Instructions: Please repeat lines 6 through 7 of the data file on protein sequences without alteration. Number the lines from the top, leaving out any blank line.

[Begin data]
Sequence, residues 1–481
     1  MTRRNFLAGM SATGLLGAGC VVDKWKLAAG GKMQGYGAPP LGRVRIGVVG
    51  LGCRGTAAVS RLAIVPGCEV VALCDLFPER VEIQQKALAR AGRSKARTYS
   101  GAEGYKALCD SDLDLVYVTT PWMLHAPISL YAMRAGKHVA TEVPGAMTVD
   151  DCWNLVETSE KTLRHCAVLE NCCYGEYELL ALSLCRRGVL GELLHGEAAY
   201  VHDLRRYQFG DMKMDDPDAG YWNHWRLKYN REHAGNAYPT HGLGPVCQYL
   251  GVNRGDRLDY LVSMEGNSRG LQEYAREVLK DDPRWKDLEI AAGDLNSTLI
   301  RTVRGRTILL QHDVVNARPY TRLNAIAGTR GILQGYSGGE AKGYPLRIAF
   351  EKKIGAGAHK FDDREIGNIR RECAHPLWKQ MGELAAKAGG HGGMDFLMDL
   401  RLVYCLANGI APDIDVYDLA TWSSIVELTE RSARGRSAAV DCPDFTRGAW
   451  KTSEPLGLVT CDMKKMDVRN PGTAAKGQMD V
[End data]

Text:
   201  VHDLRRYQFG DMKMDDPDAG YWNHWRLKYN REHAGNAYPT HGLGPVCQYL
   251  GVNRGDRLDY LVSMEGNSRG LQEYAREVLK DDPRWKDLEI AAGDLNSTLI